These should be a similar as possible in both homes so the children again have a sense of normality as well as knowing they cannot get away with certain things in one house and not the other. Otherwise kids get smart and use it against you both. They need boundaries and rules in both houses. So show them you are both a united front on this very early on. A great tip is for both parents to have a chalk/white board and sit down with the kids all together and agree on rules and duplicate rules onto each board for each home. IE. No Wi-Fi after 8pm, hand all devices in at 8pm, bed times at …, Tidy your rooms, homework before play time, talk respectfully to your siblings and each parent… and so on. This can also be put in the parenting plan if needs be.
8. Successful communication.
Working through the challenges of creating successful communication with your ex is a goal that must be worked on continuously. Keep your children in mind before making any decisions related to their well-being and you will stay on course.
Because you and your ex-spouse will be parenting your children for many years to come, it makes sense to start off in the best possible way. The first step is to develop a respectful relationship with your ex. Remember that is your child’s other parent who they love. Treat your ex-spouse with that level of awareness and dignity in all your communication and they are more likely to return the same level of respect to you. Changes may not happen overnight. But trust me, with patience and persistence things can and will improve. Yes, it’s SUPER hard at first but as time goes by and the waters cool and calm it does become easier. Be the first to be the better parent! Hold your head up high knowing you were the initiator of good parenting behaviour. It’s about the children – remember! If you are finding this quite challenging at this time contact your divorce coach and work on some new strategies on how to communicate better with your ex.
9. Mental health.
Taking care of your own mental wellbeing is of utmost importance when you become a single parent. There are hard hard days and you will be of no use to your children unless you take care of yourself first and foremost. Seek professional help where necessary or find some mindful mediation or excerpts to read to help you grow and build resilience’s, take a yoga class, have a massage. Notice if your children are also not going great with their own mental wellbeing at this time and get them the help they might need to get through the transition of living between two homes. Ask your GP or divorce coach for a referral. Read my blog on Forgiveness it may help you a move on a little faster yourself too.
10. Set up a google calendar or paper diary each.
Highlighting when each parent has the children and what the children’s extracurricular activities are on when they are with each parent. So you can set up reminder and the children don’t miss out. And also so that the kids can look at it week to week and know where they are going to be, they get stressed not knowing in advance, so stick to your agreed days and times. Don’t let anyone down as at the end of the day you are mostly letting your children down. Be on time for all pickups and drop offs and communicate in advance if there are hold up’s. Kids get so disappointed if they are continually being let down. With continuality and unbroken promises your children with adjust to this new way of life much much easier.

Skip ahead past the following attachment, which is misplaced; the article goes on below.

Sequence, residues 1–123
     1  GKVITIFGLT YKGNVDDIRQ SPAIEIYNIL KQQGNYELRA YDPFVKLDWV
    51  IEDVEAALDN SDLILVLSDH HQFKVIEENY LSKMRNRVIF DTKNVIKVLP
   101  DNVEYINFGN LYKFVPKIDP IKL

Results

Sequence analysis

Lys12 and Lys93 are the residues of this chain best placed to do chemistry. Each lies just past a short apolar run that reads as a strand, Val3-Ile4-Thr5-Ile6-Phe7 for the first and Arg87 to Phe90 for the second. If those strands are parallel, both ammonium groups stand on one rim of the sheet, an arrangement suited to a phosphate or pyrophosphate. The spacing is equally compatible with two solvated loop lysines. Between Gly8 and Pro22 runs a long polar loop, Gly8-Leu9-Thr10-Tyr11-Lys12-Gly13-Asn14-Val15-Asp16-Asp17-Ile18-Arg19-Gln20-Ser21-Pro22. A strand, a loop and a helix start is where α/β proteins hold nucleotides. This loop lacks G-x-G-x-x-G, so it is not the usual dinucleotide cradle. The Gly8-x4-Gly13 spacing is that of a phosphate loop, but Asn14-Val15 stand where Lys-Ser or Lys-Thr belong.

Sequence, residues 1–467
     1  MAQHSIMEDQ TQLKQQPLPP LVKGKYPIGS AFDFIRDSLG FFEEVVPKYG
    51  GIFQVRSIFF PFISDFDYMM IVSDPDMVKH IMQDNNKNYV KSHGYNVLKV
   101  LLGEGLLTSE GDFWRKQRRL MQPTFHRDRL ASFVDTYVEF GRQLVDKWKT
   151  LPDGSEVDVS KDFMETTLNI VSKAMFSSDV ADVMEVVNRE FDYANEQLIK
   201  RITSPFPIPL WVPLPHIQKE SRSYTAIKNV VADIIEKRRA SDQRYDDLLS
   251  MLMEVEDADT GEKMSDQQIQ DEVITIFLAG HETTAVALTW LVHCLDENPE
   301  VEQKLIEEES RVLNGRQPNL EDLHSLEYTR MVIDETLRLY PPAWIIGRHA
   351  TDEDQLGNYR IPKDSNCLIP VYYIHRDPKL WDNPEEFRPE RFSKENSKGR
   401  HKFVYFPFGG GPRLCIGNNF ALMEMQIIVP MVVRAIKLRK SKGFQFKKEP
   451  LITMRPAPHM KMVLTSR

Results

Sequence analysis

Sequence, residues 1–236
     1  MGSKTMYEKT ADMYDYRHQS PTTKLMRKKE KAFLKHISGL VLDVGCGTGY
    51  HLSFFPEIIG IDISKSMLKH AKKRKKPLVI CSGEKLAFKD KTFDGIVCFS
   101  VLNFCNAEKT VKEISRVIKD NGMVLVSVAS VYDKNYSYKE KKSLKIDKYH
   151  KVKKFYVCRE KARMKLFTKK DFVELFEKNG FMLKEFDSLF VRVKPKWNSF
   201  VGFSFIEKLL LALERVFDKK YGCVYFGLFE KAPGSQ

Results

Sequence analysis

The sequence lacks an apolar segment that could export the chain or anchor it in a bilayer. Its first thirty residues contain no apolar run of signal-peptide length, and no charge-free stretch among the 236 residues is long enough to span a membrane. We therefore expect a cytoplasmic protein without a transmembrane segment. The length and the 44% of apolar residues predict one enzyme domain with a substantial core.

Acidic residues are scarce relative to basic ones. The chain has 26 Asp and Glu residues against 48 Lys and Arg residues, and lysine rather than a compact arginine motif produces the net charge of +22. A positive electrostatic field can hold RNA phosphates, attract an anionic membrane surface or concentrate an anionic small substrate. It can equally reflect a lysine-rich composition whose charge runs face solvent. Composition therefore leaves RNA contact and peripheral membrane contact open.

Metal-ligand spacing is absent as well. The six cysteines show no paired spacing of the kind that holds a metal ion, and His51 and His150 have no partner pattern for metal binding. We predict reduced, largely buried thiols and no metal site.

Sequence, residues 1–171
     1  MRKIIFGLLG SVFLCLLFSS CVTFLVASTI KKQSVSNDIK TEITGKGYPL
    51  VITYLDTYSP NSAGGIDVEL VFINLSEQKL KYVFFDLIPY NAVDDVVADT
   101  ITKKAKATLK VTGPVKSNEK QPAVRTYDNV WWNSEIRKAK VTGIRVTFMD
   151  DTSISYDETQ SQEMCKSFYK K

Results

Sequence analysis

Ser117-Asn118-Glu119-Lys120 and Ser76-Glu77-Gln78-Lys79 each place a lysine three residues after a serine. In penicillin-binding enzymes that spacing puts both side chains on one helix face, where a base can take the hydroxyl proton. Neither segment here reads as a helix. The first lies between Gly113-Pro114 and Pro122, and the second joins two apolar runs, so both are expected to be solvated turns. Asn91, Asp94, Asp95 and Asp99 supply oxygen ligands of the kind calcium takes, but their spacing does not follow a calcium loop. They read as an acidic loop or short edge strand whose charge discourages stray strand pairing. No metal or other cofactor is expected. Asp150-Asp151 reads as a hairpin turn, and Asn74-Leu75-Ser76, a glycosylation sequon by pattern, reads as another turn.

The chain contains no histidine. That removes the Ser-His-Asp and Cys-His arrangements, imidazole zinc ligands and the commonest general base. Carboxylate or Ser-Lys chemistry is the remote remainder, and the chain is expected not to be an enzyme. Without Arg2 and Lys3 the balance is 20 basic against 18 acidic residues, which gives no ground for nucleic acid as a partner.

– Another great tool to help a large family keep on track on an app, of kids activities, expenses, messages between family members and much more is ourfamilywizard.com – NB this is US$.
11. This is a bonus tip.
Which I really hope none of you need in the 1st few months of separating…. Give yourself and your children time to adjust to this new way of life before dating. Give yourself time to heal, grieve and figure out who you really are again and what you really want in a future partner, it’s not a race, take your time and be true to yourself and your children.
Kimberlee Sweeney, CDC Certified Divorce Coach®
Kimberlee Sweeney, a Separation, Divorce & Relationship Coach helping people work on their relationships one way or the other, whether choosing to stay or leave, guiding them through how to separate with dignity & less stress, where possible. I trained in collaborative practice NZ, to work alongside other divorce experts, such as lawyers, mediators and financial experts to support my clients in all aspects of their divorce.
I have been an entrepreneur for over 30yrs+. I have discovered in time I have a of natural talent for understanding, empathising with clients as well as leading the way to showing others how to put a positive spin on all aspects of their lives and be their best selves in the process.
I completed one of America’s best divorce coaching programs, graduated as a CDC Certified Divorce Coach. Originally one of the very 1st CDC Certified Divorce Coaches in NZ in 2015 & have since also completed Gottman Relationship Therapy Coaching & Imago Communication courses for those wanting to work on their relationships or improve communication, along with Collaborative Practice Training NZ. I enjoy all aspects of my coaching practice and I gain a lot of satisfaction seeing my clients survive and thrive in Divorce and in their relationships overall. My passion is doing what is best for the kids and helping clients get a solid co-parenting agreement in place.